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Best of British 2015, educted by Point Blank

We've awarded the Outstanding Contribution award to drum & bass dons Fabio & Grooverider, to recognise their major contribution in birthing that great British institution — drum & bass!

Drum & bass is one of the most firin’, most creative music genres in the world. It’s a great British invention, effectively birthed in London town — in the very place where the DJ Mag Best Of British awards took place at the end of last year, in fact.

The sets that Fabio & Grooverider would play at seminal club-night Rage, at Heaven in central London in the early ‘90s, acted as the catalyst for the formation of the drum & bass scene as we know it today. The guys had initially known each other since being on the same pirate radio station in the mid-‘80s, and ended up playing together at many of the big outdoor raves from 1988 onwards. “We did Energy, Biology, Sunrise, every big rave that there was out there,” Fabio recalls. “We had our following from the early rave days, and we kind of translated that whole thing into Rage.”

Rage was a cauldron of hyper-kinetic energy. Fab & Groove started off playing acid house upstairs before being moved into the main room by popular demand. Their mash-up sets of breakbeat hardcore, jungle tekno, sped-up hip-hop and even some bonus beat house rhythm tracks was hugely influential on producers visiting the club and then going away to make phuturistic ravey tracks. “When ‘We Are I.E.’ came out — Lennie De Ice — that was the first track that I can remember with those proper speeded-up breaks,” says Fabio. “When we played that in there, it changed the game. We saw a different vibe in the club.”
Tracks on Ibiza Records, Suburban Base, Moving Shadow, Andy C’s embryonic Ram Records… out of hardcore came a new sound that foregrounded chopped-up breakbeats, with these polyrhythmic patterns providing the blueprint for jungle/drum & bass. “The purists didn’t really like it,” remembers Fabio, “but the promoter didn’t care — he was like, ‘You just do your thing’. He gave us free rein to do whatever we wanted.”

One budding producer who’d made it his mission to craft a track that Grooverider would play at Rage was Goldie. “He just gave me a plate one time,” says Groove, nonchalantly. “He expected me to play it immediately and I said, ‘I don’t know about that’, so I went home and examined it and came back and thought it was alright.

He got inspired, and then one time he come with ‘Terminator’, and that was one of the only tunes ever that I’ve just slammed on, cos I trusted him that much. It turned out to be the tune that broke him through.” 

But didn’t ‘Terminator’ clear the dancefloor at first?

“Yeah, I didn’t say it was a good tune,” Groove deadpans. “I didn’t say it would work on the dancefloor [much laughter]. People didn’t get it at first — that’s the difference between shepherds and sheep.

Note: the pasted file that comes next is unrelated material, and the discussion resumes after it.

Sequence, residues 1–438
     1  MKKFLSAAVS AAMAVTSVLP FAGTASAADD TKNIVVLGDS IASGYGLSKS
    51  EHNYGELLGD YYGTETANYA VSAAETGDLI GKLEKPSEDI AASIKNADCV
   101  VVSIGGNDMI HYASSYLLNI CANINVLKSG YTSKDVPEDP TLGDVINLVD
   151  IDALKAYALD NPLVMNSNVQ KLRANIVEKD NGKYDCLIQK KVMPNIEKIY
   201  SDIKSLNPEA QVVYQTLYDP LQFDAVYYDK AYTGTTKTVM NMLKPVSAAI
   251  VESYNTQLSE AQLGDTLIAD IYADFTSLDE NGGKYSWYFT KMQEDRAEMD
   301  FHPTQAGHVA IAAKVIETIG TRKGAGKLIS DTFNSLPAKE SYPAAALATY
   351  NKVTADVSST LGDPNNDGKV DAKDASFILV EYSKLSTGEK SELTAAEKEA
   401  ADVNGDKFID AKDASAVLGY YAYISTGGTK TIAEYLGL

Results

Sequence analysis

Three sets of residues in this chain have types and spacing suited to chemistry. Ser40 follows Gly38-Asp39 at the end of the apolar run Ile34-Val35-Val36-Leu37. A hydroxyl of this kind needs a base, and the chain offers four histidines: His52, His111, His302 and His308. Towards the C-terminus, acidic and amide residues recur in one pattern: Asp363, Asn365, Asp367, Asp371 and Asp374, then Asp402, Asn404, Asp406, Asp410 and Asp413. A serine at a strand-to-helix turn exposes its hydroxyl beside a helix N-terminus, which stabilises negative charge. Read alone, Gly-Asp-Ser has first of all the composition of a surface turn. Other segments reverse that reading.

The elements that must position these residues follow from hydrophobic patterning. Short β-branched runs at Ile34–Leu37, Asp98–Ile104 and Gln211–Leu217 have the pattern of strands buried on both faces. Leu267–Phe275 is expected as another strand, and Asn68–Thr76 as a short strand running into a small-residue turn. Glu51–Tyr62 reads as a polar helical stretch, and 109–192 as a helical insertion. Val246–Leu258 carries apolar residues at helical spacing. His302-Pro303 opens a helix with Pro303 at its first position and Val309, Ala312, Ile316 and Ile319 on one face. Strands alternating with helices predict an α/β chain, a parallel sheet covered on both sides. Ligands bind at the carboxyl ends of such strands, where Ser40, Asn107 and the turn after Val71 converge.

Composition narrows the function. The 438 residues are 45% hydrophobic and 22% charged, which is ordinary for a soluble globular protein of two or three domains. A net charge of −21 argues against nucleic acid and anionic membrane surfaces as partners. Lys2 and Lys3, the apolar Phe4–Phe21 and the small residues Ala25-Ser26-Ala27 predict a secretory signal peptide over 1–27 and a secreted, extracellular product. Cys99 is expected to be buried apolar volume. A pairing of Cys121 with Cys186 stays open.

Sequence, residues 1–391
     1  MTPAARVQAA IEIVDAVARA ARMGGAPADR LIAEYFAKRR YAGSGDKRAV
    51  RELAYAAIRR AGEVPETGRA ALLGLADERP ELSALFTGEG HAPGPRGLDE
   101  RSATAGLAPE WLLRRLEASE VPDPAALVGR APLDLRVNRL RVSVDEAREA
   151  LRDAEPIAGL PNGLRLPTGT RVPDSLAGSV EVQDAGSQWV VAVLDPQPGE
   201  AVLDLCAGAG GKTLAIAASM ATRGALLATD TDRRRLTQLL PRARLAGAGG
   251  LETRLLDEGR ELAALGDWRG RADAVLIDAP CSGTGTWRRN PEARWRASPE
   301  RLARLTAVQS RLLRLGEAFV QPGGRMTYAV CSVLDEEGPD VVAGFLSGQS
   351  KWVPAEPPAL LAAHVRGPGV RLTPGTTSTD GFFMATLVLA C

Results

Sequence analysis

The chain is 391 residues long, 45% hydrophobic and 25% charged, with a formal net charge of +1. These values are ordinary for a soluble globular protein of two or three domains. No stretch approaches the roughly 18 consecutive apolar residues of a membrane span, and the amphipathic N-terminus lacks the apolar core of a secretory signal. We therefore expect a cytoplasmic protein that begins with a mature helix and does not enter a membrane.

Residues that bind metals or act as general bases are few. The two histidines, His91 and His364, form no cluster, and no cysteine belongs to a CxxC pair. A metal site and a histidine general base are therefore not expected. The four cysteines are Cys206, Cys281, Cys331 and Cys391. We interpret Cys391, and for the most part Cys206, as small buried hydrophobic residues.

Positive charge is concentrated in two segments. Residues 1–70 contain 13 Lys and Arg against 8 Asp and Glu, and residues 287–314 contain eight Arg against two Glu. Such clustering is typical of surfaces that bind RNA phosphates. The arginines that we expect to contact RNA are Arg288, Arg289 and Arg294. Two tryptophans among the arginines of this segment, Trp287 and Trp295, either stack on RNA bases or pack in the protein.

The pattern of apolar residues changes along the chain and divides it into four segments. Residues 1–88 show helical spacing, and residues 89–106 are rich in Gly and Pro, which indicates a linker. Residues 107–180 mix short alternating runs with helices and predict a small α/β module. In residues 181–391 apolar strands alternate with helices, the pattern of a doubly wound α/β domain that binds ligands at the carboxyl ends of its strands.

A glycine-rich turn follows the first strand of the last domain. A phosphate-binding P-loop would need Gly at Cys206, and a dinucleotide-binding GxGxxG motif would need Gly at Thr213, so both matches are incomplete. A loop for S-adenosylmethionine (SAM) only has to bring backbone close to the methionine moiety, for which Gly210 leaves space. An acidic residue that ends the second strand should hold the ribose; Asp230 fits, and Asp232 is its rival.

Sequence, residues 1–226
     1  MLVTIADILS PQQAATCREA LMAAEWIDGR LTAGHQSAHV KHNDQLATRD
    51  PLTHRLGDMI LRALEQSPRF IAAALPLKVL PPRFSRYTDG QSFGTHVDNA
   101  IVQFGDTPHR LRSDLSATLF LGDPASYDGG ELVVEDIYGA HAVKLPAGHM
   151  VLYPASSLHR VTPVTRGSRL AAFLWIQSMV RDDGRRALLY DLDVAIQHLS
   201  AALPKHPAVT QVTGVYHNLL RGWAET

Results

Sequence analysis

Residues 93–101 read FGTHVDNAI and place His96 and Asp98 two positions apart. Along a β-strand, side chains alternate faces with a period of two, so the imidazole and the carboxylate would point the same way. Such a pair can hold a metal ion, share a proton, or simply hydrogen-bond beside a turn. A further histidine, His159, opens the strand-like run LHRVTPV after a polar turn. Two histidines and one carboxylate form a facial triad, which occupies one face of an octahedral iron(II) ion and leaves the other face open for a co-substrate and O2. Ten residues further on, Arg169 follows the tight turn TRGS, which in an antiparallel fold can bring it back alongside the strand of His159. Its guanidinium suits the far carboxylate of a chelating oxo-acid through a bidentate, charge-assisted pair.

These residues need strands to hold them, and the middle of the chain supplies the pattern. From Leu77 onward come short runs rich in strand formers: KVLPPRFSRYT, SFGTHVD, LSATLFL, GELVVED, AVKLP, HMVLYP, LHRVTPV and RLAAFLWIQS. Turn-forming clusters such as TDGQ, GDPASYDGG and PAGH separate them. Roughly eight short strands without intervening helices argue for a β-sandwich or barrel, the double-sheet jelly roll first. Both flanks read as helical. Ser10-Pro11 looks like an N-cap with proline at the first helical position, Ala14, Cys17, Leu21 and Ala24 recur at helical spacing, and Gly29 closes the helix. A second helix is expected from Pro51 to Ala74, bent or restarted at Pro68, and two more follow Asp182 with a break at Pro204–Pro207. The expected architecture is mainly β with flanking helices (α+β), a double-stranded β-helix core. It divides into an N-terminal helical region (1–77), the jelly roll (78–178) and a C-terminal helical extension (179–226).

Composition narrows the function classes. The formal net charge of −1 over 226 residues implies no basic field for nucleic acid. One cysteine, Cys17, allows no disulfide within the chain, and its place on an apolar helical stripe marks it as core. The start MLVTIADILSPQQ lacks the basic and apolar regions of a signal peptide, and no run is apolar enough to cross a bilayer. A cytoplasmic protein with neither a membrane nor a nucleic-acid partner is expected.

You’re not always going to get the reaction you want from a brand new tune. Some things grow on people. It might not have gone off that first time, but three months down the line that’s one of the big tunes. And it’s our job to hear that three months ahead.”

Goldie’s determination to joyride music-making technology would, of course, lead to him, Fabio & Grooverider and countless other breakbeat scientists forging the dynamic new drum & bass sound. The most exciting, futuristic electronic dance music genre of the ‘90s, it’s now blossomed into a truly global scene.

As well as effectively birthing it, Fab & Groove’s influence in spreading the music far and wide through club sets, unpaid A&R work and also on the radio is immeasurable. After a few years on Kiss, they did a weekly show on BBC Radio 1 from the late ‘90s until 2012 — preaching the drum & bass gospel to hundreds of thousands the world over. As they continue to do to this day.

“To be honest, people go on about Rage, but we didn’t really know what we were doing,” admits Fabio. “We were just playing tunes — it’s still the same now. We didn’t sit down and analyse it. The thing is with me and Groove, we’re music people — it was on a Thursday night, and we could play new tunes. There wasn’t a system to what we were doing – we’ve never planned anything. We were just playing new music. We were speeding things up so they’d fit into the tunes that we were playing.”

“We were really talented – ha ha ha. What’s happened to us?” questions Groove, comically.

“When you look at it and analyse it, what we were doing was kind of unique,” says Fabio.

“To me it just seemed like, ‘Got a tune and sped it up to 45’ — that’s all it seemed like to me,” adds Groove. “When you look at the mechanics of what we were doing, we were taking the piss! If I made a tune and somebody sped it up, I’d be like ‘Hold on a minute…’ I’m gonna hunt this person down. I don’t think they appreciated it. ‘Because of you lot, we built another scene’.”

If there had been no Rage, and you guys hadn’t been DJs, would drum & bass still have happened, asks DJ Mag?
“No,” affirms Groove, immediately. “Not in this current form. You have to remember, we innovated that whole kinda thing by speeding up breaks, nobody else was doing that. We were the only people that had the insight to do something like that.”